7 Literary Fiction Books To Read This Fall
Kit Crockett lives on a farm with her grief-stricken, widowed father, tending the garden, fishing in a local stream, and reading Nancy Drew mysteries from the library bookmobile. One day, Kit discovers a mysterious and beautiful woman has moved in just down the road.
Kit and the newcomer, Bella, become friends, and the lonely Kit draws comfort from her. But when a malicious neighbor finds out, Kit suddenly finds herself at the center of a tragic, fatal crime and becomes a ward of the court. Her Cherokee family wants to raise her, but the righteous Christians in town instead send her to a religious boarding school. Kit’s heritage is attacked, and she’s subjected to religious indoctrination and other forms of abuse. But Kit secretly keeps a journal recounting what she remembers—and revealing just what she has forgotten. Over the course of Stealing, she unravels the truth of how she ended up at the school and plots a way out. If only she can make her plan work in time.
In swift, sharp, and stunning prose, Margaret Verble spins a powerful coming-of-age tale and reaffirms her place as an indelible storyteller and chronicler of history.
Babur “Bobby” Singh, Indian immigrant, single parent, and owner of a fledging rideshare business, remains ever hopeful about ascending the ladder of American success. He lives in an affluent suburb of New York with his introverted teenage daughter Angie.
During summer break, Angie is walking home after swimming at the high school pool when she finds Henry McCleary, a white classmate from a wealthy family, stabbed and bleeding on the football field. The police immediately focus their investigation on Chiara Thompkins, a runaway Black girl who disappears after the stabbing and—it’s later discovered—wasn’t properly enrolled in the public high school.
The incident sends shock waves through the community and reveals jarring truths about the lengths to which families will go to protect themselves. Alternating between multiple perspectives, Our Best Intentions is a pulsating story about a father and daughter re-examining their familial bonds and place in the community. Both a gripping page-turner and an intimate portrait of an immigrant family, Vibhuti Jain’s provocative debut explores how easily friendships, careers, communities, and individual lives can unravel when the toxicity of privilege and racial bias are exposed.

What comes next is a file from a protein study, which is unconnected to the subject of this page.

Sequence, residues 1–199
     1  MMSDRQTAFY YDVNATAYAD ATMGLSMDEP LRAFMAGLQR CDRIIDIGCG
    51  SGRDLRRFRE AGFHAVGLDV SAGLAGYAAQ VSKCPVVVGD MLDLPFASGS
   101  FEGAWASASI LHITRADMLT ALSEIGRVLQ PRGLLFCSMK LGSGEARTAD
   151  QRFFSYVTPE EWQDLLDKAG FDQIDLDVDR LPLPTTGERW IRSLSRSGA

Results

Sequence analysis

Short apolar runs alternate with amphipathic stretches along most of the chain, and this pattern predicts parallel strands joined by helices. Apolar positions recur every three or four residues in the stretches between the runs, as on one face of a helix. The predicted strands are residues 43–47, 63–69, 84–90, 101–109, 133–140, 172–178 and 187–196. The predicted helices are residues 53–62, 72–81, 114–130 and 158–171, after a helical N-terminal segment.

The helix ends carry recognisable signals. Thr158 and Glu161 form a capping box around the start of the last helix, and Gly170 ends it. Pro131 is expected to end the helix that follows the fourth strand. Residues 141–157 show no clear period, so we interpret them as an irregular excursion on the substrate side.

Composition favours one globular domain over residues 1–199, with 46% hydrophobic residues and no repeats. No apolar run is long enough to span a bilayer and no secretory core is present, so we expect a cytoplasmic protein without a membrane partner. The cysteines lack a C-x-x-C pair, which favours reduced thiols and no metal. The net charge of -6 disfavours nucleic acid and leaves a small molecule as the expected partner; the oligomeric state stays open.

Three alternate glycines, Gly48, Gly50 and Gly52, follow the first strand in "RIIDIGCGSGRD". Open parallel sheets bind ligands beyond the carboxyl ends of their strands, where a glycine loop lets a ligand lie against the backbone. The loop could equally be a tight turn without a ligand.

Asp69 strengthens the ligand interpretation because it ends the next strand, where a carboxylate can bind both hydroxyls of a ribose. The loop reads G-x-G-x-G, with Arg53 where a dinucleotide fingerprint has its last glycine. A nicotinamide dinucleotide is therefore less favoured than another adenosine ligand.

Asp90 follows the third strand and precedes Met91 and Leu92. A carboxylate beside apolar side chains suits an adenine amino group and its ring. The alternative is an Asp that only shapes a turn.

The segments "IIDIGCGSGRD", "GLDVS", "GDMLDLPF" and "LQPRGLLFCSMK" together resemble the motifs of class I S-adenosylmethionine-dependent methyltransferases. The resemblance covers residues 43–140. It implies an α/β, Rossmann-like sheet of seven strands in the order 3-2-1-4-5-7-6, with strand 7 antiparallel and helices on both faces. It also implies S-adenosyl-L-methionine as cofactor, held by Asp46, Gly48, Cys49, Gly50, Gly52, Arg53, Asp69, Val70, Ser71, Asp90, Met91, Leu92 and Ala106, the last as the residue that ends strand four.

Wade in the Water tells the layered story of a friendship that develops between Ella, a 12 year-old precocious and mistreated black girl who sees God in the clouds, and Katherine St. James, a mysterious, strikingly well-dressed white woman who arrives in rural Mississippi in the early 80s.
Wade in the Water adeptly weaves fiction with historical fact to tell the story of two traumatized people whose pasts still haunt them that are drawn together in a complicated friendship. Ella has her secrets, but she desperately wants to be loved and Katherine St. James’s arrival sets in motion a chain of events that ripples through both the black and white sides of the divided town of Ricksville, Mississippi. Soon Ella is willing to risk everything to keep Katherine in the town, even as she pushes at Katherine’s carefully constructed boundaries that guard a complicated past, with secrets that could have devastating consequences.
On a struggling Texas plantation, six enslaved women slip from their sleeping quarters and gather in the woods under the cover of night. The Lucys—as they call the plantation owners, after Lucifer himself—have decided to turn around the farm’s bleak financial prospects by making the women bear children. They have hired a “stockman” to impregnate them. But the women are determined to protect themselves.